Cover crops can provide multiple benefits. For example, they can improve soil health, supply nutrients to cash crops, suppress weeds, help manage insect pests, produce forage, support pollinators and beneficial insects, and reduce water and air pollution. However, not all cover crop species provide the same benefits. How can you best reap the multiple benefits of cover cropping with so many species to choose from? To multiply and diversify your cover crop benefits, plant mixtures.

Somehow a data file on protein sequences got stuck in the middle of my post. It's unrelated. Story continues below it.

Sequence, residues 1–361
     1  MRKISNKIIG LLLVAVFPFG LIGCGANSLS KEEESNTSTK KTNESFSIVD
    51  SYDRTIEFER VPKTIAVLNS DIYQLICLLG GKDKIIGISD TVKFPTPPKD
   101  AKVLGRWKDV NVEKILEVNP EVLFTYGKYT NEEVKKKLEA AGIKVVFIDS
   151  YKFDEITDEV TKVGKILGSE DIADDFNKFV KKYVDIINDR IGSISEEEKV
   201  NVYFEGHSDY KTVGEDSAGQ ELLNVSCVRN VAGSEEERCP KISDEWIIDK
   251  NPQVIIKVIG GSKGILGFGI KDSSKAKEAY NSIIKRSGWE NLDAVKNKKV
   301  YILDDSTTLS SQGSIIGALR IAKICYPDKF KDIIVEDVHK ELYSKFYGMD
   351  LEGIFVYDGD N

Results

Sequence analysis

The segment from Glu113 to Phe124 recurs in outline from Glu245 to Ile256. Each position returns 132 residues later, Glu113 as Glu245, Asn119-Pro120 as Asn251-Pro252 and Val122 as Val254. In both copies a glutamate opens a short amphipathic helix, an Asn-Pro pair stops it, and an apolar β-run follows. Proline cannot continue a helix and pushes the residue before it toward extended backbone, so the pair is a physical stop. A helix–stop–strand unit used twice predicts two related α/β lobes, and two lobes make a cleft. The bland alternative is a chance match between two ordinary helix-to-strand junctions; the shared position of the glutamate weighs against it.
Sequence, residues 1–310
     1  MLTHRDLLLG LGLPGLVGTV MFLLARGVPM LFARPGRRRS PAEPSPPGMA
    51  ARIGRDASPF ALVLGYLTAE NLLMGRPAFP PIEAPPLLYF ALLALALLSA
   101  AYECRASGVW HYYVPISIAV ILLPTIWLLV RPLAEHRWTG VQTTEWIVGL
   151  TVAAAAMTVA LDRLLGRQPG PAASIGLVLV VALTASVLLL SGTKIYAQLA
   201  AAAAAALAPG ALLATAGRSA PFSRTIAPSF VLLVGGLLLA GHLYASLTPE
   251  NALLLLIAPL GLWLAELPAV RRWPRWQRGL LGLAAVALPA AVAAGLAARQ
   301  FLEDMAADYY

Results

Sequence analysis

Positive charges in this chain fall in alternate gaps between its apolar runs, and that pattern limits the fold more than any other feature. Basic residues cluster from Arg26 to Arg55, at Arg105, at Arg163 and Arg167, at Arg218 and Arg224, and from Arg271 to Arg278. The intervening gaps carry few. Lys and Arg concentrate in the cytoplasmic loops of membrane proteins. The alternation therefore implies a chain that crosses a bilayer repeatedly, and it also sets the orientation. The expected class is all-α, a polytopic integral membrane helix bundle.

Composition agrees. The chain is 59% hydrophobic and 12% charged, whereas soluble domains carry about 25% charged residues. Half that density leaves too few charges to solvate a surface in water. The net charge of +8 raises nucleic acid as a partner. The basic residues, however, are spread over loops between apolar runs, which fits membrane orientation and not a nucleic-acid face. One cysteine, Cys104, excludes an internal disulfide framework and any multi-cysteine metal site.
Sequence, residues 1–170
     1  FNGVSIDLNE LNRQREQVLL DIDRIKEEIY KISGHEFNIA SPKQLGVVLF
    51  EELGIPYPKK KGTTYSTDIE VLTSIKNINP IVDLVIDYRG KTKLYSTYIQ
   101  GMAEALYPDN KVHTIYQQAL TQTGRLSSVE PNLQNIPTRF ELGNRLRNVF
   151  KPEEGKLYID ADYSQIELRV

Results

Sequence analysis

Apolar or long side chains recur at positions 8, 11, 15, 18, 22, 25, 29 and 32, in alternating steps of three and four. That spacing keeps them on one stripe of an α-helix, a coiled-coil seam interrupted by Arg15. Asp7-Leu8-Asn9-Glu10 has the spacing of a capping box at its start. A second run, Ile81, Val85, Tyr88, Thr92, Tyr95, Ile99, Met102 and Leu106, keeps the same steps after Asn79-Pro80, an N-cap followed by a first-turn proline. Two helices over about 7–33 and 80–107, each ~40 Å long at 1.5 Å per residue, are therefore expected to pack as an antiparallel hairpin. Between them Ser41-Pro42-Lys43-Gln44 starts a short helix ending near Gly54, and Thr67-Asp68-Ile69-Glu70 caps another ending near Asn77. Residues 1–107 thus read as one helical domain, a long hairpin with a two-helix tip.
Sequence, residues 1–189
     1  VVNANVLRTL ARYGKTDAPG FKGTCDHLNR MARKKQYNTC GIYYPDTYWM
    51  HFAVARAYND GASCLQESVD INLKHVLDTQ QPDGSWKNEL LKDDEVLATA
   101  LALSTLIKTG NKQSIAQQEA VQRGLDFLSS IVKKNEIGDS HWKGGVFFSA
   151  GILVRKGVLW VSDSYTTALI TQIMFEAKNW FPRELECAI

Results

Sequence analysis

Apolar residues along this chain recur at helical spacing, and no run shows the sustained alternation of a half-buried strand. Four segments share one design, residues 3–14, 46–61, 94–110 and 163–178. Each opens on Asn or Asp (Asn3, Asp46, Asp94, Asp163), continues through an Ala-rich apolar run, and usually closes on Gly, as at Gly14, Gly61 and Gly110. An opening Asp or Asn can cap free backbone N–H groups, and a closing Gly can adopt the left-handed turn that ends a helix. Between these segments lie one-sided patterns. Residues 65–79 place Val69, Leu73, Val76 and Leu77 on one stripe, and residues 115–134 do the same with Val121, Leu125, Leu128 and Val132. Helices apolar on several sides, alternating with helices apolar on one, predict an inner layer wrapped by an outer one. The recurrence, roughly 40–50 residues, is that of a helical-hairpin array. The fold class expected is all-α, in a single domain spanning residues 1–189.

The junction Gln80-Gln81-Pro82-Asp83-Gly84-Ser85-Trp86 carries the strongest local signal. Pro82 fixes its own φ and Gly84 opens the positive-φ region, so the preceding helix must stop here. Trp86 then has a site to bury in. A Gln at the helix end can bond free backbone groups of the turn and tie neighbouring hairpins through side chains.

This article will describe some of the basic concepts to consider when planning a cover crop mixture. Selecting complementary species to meet different farm management objectives, timing planting and management correctly, and using effective establishment and termination methods are all important for successful cover crop mixtures. Information in this article is based on the research and experiences of a multidisciplinary team of researchers, educators, and farmers who have been evaluating cover crop mixtures in the northeastern United States. Most of our experience with cover crop mixtures is in organic feed crop rotations in temperate humid climates where cover crops are used during overwinter fallow periods. Despite the regional and cropping system specificity of our experience, many of the principles described in this article can be applied to a variety of farming systems and climates.